It’s December. Most are thinking about Christmas and presents. Me – I’m thinking about taxes… Did I earn more than I thought I would this year? Did I underpay my taxes? Will I get penalized if I underpaid? What IS the underpayment penalty rate?? All these thoughts race through my head as I scribble down some figures on a well-used piece of paper, just trying to figure the whole thing out before I sit with my tax guy and get the terrible news…
Maybe you’re in the same boat. Maybe you’ve got a full-time job like I do, but then you also have a side hustle that brings in a decent amount of money. At the end of the year, you start to wonder… Did you pay in too much? Or too little? And what happens if you underpay?
It’s time to solve the riddles….
What Happens If You Underpay Your Taxes? The Underpayment Penalty Rate…
Liz and I have three solid income streams:
- My full-time job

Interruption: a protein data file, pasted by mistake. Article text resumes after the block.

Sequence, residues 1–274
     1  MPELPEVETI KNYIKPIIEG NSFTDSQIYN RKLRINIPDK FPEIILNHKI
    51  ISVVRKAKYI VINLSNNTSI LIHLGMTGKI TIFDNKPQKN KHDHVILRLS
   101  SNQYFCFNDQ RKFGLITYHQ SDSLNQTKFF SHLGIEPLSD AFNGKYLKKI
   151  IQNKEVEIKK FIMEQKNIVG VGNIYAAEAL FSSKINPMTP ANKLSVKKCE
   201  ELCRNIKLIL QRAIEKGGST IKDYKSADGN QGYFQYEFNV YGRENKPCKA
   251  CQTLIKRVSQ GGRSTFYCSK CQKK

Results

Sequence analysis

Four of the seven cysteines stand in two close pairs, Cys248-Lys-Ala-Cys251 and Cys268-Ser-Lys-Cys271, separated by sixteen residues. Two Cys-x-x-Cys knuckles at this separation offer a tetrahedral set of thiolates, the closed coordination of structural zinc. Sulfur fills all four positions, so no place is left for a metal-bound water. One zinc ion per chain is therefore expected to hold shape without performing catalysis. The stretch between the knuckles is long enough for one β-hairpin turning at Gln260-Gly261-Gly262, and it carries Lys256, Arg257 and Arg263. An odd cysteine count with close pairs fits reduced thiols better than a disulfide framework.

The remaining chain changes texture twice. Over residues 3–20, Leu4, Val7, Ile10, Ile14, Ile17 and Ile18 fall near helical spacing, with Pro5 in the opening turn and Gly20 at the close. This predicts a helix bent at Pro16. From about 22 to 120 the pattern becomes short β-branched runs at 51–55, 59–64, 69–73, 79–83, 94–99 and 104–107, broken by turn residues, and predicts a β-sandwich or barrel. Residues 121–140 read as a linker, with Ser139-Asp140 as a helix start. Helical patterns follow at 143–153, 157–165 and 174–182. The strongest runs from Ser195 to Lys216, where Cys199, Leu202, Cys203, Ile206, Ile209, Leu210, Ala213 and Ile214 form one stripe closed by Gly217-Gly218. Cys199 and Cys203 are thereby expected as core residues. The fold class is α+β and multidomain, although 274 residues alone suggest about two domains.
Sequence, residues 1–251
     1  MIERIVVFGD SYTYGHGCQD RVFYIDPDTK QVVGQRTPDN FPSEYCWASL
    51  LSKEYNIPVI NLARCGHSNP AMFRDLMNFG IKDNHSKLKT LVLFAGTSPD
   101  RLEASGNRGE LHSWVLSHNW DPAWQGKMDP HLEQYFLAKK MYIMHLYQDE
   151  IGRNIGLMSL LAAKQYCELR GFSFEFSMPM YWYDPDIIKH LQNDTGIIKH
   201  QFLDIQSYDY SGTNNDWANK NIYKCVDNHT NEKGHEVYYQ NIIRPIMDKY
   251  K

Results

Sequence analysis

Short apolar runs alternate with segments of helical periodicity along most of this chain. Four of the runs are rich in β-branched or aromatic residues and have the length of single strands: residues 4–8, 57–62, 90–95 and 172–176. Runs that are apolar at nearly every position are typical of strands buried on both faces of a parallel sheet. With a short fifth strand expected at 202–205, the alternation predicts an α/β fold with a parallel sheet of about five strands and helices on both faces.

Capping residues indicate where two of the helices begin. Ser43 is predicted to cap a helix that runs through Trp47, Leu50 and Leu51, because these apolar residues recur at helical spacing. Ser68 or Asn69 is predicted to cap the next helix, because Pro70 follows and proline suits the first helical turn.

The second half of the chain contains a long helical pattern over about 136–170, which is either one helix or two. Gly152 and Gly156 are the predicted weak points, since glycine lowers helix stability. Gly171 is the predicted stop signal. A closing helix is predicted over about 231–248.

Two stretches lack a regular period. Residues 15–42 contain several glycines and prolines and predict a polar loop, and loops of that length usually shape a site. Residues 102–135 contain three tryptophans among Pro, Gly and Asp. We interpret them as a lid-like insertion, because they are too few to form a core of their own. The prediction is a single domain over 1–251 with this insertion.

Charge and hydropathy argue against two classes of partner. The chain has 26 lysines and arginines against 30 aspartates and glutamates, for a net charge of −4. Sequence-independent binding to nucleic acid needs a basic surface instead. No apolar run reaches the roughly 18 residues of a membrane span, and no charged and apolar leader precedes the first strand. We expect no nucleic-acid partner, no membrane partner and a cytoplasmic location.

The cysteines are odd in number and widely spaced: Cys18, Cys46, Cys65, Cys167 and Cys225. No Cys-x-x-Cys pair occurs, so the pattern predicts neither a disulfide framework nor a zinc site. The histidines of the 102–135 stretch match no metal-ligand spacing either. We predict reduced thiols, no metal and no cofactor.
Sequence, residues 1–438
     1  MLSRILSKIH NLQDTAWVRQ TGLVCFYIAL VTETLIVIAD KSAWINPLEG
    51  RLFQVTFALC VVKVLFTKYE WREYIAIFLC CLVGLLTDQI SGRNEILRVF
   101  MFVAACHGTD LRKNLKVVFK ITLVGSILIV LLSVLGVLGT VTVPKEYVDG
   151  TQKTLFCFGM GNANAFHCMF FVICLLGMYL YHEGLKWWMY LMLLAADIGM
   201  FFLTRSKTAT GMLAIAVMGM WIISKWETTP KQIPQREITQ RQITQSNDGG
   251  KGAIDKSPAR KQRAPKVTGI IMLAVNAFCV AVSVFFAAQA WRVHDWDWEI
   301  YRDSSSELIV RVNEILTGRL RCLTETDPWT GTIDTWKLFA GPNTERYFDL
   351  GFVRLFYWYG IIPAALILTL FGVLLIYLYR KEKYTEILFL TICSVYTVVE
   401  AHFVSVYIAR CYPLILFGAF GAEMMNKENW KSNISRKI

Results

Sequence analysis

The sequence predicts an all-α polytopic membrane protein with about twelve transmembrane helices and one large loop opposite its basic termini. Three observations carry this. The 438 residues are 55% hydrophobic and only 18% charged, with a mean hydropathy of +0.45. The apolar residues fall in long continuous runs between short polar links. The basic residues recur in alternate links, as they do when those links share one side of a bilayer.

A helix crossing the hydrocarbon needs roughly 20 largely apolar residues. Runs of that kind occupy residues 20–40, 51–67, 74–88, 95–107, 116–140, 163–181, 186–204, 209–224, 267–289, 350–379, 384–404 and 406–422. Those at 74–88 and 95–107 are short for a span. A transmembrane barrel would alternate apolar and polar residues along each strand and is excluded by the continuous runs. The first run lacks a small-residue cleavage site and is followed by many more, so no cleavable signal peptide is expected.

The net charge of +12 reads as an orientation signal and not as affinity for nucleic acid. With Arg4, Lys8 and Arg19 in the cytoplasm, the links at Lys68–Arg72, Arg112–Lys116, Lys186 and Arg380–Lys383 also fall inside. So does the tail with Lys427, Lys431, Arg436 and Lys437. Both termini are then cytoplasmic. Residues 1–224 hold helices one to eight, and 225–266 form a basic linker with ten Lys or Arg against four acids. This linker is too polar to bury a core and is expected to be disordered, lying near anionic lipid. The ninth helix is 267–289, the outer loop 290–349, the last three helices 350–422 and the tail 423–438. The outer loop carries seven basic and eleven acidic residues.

- This blog
- A single-family rental
We are a family of four and could probably claim 4 allowances (or more) on our W-4. But, since we earn some extra cash with the blog and the rental, we just claim zero and pay in more tax on the day job, which inherently covers additional taxes that we would have otherwise owed on the rental and blog. This saves us from figuring out quarterly estimates and writing all the extra checks.
However, since this method is incredibly non-scientific, it really gets me wondering/paranoid at the end of the year!
If my blog has an unbelievably good income year (like I had this year), I really start to worry! While I do have the cash to pay additional taxes, it still doesn’t feel good to owe money. And, I certainly don’t want to pay a penalty on my tax underpayment!
How to Figure Out If You’ve Overpaid or Underpaid